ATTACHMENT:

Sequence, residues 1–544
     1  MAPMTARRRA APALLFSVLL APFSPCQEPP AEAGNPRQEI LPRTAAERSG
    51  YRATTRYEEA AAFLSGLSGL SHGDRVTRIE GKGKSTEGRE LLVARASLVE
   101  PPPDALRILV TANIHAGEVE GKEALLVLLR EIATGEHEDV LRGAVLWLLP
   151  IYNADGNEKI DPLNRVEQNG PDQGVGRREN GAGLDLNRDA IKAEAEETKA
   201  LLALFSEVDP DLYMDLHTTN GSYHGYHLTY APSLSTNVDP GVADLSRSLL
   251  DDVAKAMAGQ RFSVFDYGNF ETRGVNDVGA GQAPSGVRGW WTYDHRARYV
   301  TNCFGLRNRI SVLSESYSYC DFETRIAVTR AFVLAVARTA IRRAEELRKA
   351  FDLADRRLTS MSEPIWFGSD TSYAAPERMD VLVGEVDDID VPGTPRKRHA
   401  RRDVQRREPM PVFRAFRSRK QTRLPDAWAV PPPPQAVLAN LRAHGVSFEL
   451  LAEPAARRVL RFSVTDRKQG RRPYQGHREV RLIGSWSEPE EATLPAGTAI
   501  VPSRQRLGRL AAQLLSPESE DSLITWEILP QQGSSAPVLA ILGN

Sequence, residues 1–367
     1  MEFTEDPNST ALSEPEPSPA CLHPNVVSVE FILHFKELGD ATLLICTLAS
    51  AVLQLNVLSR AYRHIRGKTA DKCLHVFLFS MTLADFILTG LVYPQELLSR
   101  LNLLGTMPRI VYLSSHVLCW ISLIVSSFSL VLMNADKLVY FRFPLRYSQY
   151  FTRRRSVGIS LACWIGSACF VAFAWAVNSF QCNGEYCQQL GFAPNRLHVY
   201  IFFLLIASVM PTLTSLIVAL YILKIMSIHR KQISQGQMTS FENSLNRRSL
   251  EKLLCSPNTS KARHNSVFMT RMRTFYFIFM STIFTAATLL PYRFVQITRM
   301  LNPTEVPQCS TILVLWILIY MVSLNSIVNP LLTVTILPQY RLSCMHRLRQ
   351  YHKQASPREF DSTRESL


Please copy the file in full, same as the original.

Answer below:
Sequence, residues 1–544
     1  MAPMTARRRA APALLFSVLL APFSPCQEPP AEAGNPRQEI LPRTAAERSG
    51  YRATTRYEEA AAFLSGLSGL SHGDRVTRIE GKGKSTEGRE LLVARASLVE
   101  PPPDALRILV TANIHAGEVE GKEALLVLLR EIATGEHEDV LRGAVLWLLP
   151  IYNADGNEKI DPLNRVEQNG PDQGVGRREN GAGLDLNRDA IKAEAEETKA
   201  LLALFSEVDP DLYMDLHTTN GSYHGYHLTY APSLSTNVDP GVADLSRSLL
   251  DDVAKAMAGQ RFSVFDYGNF ETRGVNDVGA GQAPSGVRGW WTYDHRARYV
   301  TNCFGLRNRI SVLSESYSYC DFETRIAVTR AFVLAVARTA IRRAEELRKA
   351  FDLADRRLTS MSEPIWFGSD TSYAAPERMD VLVGEVDDID VPGTPRKRHA
   401  RRDVQRREPM PVFRAFRSRK QTRLPDAWAV PPPPQAVLAN LRAHGVSFEL
   451  LAEPAARRVL RFSVTDRKQG RRPYQGHREV RLIGSWSEPE EATLPAGTAI
   501  VPSRQRLGRL AAQLLSPESE DSLITWEILP QQGSSAPVLA ILGN

Sequence, residues 1–367
     1  MEFTEDPNST ALSEPEPSPA CLHPNVVSVE FILHFKELGD ATLLICTLAS
    51  AVLQLNVLSR AYRHIRGKTA DKCLHVFLFS MTLADFILTG LVYPQELLSR
   101  LNLLGTMPRI VYLSSHVLCW ISLIVSSFSL VLMNADKLVY FRFPLRYSQY
   151  FTRRRSVGIS LACWIGSACF VAFAWAVNSF QCNGEYCQQL GFAPNRLHVY
   201  IFFLLIASVM PTLTSLIVAL YILKIMSIHR KQISQGQMTS FENSLNRRSL
   251  EKLLCSPNTS KARHNSVFMT RMRTFYFIFM STIFTAATLL PYRFVQITRM
   301  LNPTEVPQCS TILVLWILIY MVSLNSIVNP LLTVTILPQY RLSCMHRLRQ
   351  YHKQASPREF DSTRESL